Mission, Values, and Learning Objectives

WWU Honors College Vision

To foster excellence and achievement through the creation of a scholarly community that honors the needs of students from diverse institutional and cultural backgrounds, a community that meets those needs by providing tools and sustained individualized support for students who choose to take up the challenge.

WWU Honors College Mission:


To recruit and foster a diverse scholarly community by providing an inspiring liberal arts experience that builds on the excellence of Western's undergraduate programs and draws on the expertise of Western’s faculty.


To promote personal and intellectual growth through a seminar-based curriculum and independent inquiry in a community that strives to understand why and how we pursue truth, liberty, and happiness.


To instill in our students the desire to extend the values of the Honors College into the communities they join upon their graduation: intellectually rigorous inquiry, honesty, compassion, and equitable access to opportunities.

Student Learning Objectives

Upon completion of the Minor in Honors Interdisciplinary Studies, you will have: 

  1. experimented with unfamiliar modes of process, inquiry, and dialogue by engaging with challenging, diverse materials in both textual and non-textual forms; 
  2. engaged in improvisational exchange with diverse others, particularly by opening conversations and creating lines of inquiry; 
  3. cultivated an appreciation for the generative potential of unlearning and not-knowing, in part by undertaking willful acts of creativity, interdependence, and vulnerability in the classroom;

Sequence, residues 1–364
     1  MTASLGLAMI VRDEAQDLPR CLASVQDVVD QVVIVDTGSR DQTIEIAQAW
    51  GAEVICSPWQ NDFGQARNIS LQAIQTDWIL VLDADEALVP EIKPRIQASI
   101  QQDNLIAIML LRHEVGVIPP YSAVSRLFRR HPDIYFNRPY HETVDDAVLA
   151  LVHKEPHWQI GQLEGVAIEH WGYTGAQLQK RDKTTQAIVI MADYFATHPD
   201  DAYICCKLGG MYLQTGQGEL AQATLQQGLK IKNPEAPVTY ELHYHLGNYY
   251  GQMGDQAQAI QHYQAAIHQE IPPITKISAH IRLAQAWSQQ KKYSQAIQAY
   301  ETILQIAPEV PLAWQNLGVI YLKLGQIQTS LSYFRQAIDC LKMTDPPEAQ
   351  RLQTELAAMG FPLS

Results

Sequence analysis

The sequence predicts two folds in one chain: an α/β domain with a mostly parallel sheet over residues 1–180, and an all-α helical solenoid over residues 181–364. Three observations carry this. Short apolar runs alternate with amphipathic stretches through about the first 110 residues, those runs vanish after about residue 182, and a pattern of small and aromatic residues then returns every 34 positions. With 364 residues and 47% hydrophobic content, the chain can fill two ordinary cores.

4. acquired substantial knowledge of the ways that the methods, tools, and discourses of academic disciplines have been developed and deployed in a variety of historical periods and geographical locations, as well as by the individuals and communities within them; 
  5. demonstrated fluency in the mobility of disciplinary-specific methods, tools, and discourses, especially their generative potential when combined with the methods, tools, and discourses from other fields of inquiry; 
  6. undertaken sustained, rigorous, and relevant work that integrates the methods, tools, and discourses of several academic disciplines; 
  7. immersed themselves in a community of practice, thereby expanding their appreciation for self-awareness and sustainability, ambiguity and complexity, contingency and difference; 
  8. engaged in regular acts of service to the communities in which they are locally embedded: the Honors community, the broader campus community, and communities in Whatcom County; and 
  9. deployed each of the above in everyday life.